Thursday, 14 May 2015

MFM2P - Day 65: In-N-Out

It was so good to be back in class today. After getting a couple of kids who have been away all week set up with the test they had missed, we started on today's warm-up: Would You Rather...

They worked in groups on the big whiteboards and really impressed me. Although some groups based their decision solely on distance along the ramp, many used trig to find the angle of each ramp. Once they had all worked on it, the class was pretty evenly divided between triangle A and triangle B. Here is some of their work:

Once a group had chosen A or B I asked them if changing the weight of the box would change their answer. It gave them something to think about and discuss. One student did say he would put wheels on the box which prompted another big discussion about friction and gravity!

Next up, In-N-Out! This is from Robert Kaplinsky's site and is a quick, fun activity. I started by showing them this picture which really grabbed the attention of some (and grossed out others):

and asked what they noticed and wondered:

I was very happy to have the questions I wanted to tackle on the list so I asked what they needed to know to be able to figure out the cost. I think the initial answer was Google, but this is where I went:

and I showed them this which helped us clarify what a double-double and 20x20 or 100x100 consists of:

Then I gave them this handout and let them get to work. There were a couple of students that came up with an answer quickly - a wrong answer - because they Googled it and quoted the price with tax. Eventually one of these students explained the mathematical solution to the class as his Googled answer didn't impress me as much as he thought it would! I circulated and asked questions to get groups going if they were stuck or had the wrong model. This was our consolidation:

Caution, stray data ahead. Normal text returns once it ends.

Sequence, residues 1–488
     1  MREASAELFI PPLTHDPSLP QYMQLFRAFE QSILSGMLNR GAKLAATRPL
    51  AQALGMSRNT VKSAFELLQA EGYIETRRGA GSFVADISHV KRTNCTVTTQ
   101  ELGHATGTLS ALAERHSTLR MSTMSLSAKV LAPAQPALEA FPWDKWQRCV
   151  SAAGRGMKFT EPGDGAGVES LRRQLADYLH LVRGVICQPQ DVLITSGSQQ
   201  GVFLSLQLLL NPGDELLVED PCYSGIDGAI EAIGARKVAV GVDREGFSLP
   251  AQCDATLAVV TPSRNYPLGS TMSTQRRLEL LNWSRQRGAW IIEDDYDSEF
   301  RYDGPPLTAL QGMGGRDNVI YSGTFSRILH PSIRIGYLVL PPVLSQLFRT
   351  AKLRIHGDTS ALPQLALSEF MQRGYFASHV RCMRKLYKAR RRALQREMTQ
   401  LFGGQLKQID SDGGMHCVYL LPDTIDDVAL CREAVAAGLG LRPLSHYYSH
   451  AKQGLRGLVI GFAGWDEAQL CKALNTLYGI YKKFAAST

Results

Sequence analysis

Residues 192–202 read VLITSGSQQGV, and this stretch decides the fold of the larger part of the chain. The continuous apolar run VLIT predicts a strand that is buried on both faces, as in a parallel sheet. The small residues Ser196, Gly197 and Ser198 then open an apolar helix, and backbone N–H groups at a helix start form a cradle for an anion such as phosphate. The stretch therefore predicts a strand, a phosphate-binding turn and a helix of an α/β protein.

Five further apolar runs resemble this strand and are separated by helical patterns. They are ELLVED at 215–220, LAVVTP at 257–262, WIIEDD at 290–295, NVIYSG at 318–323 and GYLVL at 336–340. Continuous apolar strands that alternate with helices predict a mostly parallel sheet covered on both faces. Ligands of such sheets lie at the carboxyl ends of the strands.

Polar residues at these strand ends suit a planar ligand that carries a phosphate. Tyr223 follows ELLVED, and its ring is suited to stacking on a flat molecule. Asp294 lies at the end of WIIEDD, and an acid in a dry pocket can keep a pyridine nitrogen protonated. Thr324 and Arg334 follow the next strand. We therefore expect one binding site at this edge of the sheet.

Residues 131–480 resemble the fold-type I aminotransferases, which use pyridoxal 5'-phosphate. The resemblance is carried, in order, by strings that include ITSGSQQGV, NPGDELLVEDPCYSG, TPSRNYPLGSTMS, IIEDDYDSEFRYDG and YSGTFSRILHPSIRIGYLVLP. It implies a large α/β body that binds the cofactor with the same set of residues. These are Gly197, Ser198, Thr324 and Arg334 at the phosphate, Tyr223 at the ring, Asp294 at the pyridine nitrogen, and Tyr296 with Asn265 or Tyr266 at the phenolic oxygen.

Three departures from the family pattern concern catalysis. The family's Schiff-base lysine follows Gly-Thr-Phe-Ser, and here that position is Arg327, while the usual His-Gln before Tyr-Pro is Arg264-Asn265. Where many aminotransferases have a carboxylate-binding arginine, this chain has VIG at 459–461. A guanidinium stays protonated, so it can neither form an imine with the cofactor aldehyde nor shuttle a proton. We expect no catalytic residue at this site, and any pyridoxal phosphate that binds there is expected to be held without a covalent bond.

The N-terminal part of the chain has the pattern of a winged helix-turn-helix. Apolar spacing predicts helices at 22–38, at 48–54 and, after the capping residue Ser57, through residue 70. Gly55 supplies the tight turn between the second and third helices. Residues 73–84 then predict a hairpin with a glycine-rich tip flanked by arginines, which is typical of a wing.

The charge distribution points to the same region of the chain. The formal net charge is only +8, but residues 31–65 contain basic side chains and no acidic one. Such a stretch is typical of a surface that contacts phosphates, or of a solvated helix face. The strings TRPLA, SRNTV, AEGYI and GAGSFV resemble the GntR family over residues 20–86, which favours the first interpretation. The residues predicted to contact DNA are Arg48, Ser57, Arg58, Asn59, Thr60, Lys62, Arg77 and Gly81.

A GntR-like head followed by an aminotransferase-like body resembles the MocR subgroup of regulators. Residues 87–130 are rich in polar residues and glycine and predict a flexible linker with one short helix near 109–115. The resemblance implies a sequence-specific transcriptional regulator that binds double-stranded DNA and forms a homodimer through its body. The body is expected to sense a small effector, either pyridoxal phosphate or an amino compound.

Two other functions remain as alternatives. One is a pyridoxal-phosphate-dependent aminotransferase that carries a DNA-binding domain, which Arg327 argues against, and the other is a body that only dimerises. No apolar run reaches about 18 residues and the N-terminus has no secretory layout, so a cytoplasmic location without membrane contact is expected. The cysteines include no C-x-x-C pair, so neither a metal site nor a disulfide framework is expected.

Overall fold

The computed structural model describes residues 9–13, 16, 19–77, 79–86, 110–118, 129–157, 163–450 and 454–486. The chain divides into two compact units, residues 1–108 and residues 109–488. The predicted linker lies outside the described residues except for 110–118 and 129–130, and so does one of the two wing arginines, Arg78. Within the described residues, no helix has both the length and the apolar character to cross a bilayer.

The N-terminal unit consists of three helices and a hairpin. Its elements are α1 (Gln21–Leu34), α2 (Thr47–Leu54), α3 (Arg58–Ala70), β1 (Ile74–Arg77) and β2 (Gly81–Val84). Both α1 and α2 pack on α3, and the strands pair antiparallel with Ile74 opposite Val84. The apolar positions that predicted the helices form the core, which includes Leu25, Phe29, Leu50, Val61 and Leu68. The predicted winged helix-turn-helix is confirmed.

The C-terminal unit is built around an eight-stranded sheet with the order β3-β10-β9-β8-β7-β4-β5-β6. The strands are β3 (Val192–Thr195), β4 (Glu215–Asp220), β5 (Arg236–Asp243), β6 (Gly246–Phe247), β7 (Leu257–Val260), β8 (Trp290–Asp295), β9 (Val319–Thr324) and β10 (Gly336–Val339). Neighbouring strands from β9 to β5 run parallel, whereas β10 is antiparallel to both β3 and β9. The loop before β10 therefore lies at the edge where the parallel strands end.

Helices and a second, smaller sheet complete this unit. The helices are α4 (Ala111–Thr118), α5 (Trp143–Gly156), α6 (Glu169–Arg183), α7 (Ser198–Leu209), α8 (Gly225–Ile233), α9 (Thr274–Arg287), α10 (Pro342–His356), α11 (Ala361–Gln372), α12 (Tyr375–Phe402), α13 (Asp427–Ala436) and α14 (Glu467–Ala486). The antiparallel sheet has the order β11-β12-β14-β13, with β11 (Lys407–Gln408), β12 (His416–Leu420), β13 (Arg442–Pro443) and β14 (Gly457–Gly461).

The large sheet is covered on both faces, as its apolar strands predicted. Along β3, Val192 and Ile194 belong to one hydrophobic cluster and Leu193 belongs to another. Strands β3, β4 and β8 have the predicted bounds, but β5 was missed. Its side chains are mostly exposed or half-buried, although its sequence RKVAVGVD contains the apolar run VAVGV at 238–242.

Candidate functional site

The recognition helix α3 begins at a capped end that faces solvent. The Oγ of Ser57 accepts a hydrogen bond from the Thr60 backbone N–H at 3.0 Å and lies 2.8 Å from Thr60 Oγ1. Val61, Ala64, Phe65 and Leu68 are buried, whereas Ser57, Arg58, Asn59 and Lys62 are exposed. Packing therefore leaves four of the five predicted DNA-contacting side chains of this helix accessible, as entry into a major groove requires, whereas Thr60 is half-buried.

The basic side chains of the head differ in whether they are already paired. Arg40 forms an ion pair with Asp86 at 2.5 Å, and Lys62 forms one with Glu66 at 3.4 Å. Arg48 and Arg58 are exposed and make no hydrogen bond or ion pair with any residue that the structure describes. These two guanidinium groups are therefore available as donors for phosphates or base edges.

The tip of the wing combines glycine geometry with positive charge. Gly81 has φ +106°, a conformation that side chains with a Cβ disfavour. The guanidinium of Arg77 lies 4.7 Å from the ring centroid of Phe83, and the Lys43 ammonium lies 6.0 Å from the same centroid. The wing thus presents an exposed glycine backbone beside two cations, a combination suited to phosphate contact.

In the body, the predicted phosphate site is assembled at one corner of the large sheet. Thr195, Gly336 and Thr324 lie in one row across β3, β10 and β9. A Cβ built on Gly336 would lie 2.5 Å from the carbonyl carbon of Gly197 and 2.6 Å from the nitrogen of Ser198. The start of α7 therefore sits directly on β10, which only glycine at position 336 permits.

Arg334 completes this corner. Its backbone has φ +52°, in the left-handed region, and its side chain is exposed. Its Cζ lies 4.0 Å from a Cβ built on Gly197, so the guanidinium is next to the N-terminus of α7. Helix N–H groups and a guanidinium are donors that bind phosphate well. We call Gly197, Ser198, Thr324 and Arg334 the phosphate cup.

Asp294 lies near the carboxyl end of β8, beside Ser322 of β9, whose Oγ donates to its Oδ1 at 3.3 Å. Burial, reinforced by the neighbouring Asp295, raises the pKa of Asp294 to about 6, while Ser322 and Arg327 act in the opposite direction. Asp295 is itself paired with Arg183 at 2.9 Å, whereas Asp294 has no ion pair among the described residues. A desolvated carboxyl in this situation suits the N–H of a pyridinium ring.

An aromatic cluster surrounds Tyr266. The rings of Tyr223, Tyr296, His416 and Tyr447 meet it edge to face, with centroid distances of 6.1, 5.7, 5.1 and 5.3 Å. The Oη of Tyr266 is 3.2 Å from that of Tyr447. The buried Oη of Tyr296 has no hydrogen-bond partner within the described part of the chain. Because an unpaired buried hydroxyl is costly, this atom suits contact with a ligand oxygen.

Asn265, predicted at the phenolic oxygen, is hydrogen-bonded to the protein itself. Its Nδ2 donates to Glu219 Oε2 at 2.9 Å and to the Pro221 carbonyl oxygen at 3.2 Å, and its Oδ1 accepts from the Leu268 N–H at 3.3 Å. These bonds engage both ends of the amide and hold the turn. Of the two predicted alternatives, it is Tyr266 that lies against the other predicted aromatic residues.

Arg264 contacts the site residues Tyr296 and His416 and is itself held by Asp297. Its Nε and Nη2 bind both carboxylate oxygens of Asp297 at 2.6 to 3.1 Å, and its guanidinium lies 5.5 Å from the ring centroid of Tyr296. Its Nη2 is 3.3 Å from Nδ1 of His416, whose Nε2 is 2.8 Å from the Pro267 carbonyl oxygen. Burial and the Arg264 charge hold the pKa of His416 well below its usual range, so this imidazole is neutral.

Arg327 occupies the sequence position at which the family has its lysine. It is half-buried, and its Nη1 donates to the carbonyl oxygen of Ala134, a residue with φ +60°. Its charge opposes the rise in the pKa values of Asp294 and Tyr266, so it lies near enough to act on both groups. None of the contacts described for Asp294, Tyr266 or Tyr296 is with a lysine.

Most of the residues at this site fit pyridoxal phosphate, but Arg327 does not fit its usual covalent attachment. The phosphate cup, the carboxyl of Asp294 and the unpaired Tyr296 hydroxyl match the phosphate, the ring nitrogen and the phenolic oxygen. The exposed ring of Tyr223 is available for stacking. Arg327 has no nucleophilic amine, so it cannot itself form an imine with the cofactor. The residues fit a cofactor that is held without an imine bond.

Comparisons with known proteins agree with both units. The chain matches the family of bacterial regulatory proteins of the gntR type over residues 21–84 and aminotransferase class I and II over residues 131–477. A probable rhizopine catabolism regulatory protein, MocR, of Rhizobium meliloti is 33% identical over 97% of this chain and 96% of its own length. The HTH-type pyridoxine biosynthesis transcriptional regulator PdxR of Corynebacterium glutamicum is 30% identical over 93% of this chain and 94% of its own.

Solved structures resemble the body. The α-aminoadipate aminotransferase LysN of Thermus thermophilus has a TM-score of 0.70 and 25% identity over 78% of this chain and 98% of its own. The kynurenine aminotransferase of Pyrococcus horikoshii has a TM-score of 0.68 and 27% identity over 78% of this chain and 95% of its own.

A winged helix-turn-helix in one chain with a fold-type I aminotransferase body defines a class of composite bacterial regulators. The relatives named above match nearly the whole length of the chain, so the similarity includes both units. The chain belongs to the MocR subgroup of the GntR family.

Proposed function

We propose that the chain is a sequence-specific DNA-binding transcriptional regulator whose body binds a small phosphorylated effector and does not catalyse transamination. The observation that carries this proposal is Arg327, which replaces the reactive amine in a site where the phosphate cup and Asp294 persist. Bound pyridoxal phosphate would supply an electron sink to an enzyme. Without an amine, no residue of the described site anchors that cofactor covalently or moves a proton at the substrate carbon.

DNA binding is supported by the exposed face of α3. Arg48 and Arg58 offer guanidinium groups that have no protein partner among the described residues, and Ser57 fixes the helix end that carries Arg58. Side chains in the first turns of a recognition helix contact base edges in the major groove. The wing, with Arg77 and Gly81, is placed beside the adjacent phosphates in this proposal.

I think they all could explain what the 0.90 and 0.85 represented in terms of the burger parts. We then compared to the receipt which is itemized with a double-double and 98 meat patties with cheese. We found a model for their system and were able to show that it was equivalent to ours.

The groups that finished quickly moved on to calculating the number of calories based on this information:

I loved that they didn't even need to check their answers - they were 100% confident that they were right (and they were). They left hungry, but mathematically satisfied.